I have made egg noodles for years and over the years I have changed my grandmothers recipe a bit. Instead of water, I now use chicken broth, using the less sodium kind. I did make them ahead and froze them only one time and they turned a grayish color. I don’t know if the chicken broth caused that or not and I have never frozen them since. They tasted good but they were not my usual yellowish noodles. I plan to try cooking them BEFORE freezing them and see if that makes a difference.

  5. Angela says

    I plan to make these for Thanksgiving. It will save money in our food budget. It should be much cheaper than buying them already made.

  6. Ahsirta says

    I have read your recipe and it is the basic recipe that my mother-in law taught me over 45 years ago. However, mine never tasted quite as good or were as yellow as hers….until… I found out her secret. I sit there while she made them and she Had to add the two ingredients she didn’t tell me about. One is 1/2 teaspoon baking powder sifted with the flour and the other was yellow food coloring. Her noodles were so palatable and tender while mine were good but just not as tender or as yellow. I tried using farm fresh eggs but even they weren’t as yellow. So if you want nice yellow noodles add some color. If you want them more tender add a little baking powder.

    • lynn says

      i believe you can just put them in a deep fryer and they should ride up you could put flour on them b4 if you wanted them crispy lolz just saying 😛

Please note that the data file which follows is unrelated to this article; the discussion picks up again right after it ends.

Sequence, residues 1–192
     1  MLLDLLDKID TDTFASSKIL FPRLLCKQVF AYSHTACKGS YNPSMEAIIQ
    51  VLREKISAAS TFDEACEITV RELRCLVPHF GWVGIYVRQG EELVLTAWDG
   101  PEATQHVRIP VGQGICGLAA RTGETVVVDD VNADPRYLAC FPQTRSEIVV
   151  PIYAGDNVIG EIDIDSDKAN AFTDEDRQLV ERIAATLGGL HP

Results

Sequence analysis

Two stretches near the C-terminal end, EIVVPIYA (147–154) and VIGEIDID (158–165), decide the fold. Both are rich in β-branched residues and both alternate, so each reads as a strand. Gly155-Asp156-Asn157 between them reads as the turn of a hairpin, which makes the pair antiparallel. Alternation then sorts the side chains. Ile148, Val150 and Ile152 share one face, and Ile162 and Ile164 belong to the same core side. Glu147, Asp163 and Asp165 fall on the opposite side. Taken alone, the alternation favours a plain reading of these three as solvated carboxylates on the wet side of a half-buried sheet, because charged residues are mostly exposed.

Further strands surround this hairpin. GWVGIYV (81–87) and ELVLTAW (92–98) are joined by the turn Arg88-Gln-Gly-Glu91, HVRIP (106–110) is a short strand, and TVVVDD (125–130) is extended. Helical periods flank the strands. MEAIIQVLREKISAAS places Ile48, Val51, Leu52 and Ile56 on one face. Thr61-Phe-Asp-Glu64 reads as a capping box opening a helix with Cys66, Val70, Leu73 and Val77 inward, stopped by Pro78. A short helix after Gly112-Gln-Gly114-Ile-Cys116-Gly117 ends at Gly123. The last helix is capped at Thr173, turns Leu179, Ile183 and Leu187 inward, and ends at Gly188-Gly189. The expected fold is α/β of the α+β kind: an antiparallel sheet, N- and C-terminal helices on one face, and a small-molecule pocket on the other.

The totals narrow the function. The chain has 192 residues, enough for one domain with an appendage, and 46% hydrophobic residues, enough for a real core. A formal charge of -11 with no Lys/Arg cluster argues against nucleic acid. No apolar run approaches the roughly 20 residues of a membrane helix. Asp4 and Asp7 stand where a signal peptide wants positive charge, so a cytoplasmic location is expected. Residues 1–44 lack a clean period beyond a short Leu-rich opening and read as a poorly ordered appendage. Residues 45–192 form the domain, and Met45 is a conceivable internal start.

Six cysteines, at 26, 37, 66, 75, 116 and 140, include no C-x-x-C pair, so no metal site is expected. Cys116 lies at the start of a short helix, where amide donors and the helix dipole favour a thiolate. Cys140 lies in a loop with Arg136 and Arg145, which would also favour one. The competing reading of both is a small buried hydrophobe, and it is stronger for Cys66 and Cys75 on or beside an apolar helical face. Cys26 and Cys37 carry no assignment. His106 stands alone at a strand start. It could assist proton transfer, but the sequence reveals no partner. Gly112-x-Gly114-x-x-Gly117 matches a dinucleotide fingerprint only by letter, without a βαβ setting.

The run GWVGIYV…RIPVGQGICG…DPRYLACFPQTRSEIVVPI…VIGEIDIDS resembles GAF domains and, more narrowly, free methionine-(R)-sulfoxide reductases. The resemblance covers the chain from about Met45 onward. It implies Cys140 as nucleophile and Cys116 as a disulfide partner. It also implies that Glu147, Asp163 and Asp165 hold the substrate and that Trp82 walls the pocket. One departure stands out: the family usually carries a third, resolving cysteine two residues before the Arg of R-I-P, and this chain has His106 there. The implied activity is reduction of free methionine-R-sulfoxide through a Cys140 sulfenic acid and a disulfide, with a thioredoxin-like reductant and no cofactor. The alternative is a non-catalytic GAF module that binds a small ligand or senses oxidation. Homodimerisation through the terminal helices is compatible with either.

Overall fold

7. Sheri says

    I used some fresh duck eggs (our ducks are laying eggs like crazy now) and the noodles have such a rich beautiful yellow to them…I know it’s the duck eggs because anytime I use them everything is richer and VERY yellow.

  8. Vicky says

    can you use brown flour instead of white? i know the colour won’t be the same … also, i have duck eggs that i want to use, fried one to see what it tasted like and wasn’t fond of the taste. the yolk was a paler yellow that i was expecting. could there be something wrong with the eggs?

  9. sulphania says

    my deep south louisiana italian mom raised us on this type of noodle. however, she never dried them, just popped them in a pot of chicken (stewing hen) and man! Good stuff.

    I’ve raised my kids on this recipe and it’s a truely delicious keeper! Thanks for having it!

  10. Chel says

    The trick to yellow, and dark colored yolks in eggs is kerotin. The more greens you feed your poultry, the darker and richer your yolks. (from experience).
    When we are pulling veggies out of the garden, we throw broccoli leaves and oversized zucchini (it was hiding) in the chicken yard. The hens love the treat, and you never feel like you are wasting the veggies. Especially when you cook those eggs and the yolks are almost orange, and very rich. My kids won’t eat store bought anymore, and really don’t prefer eggs if we eat out for breakfast.
    I hope to make a batch of these noodles, since I am always looking for new ways to use up these yummy eggs.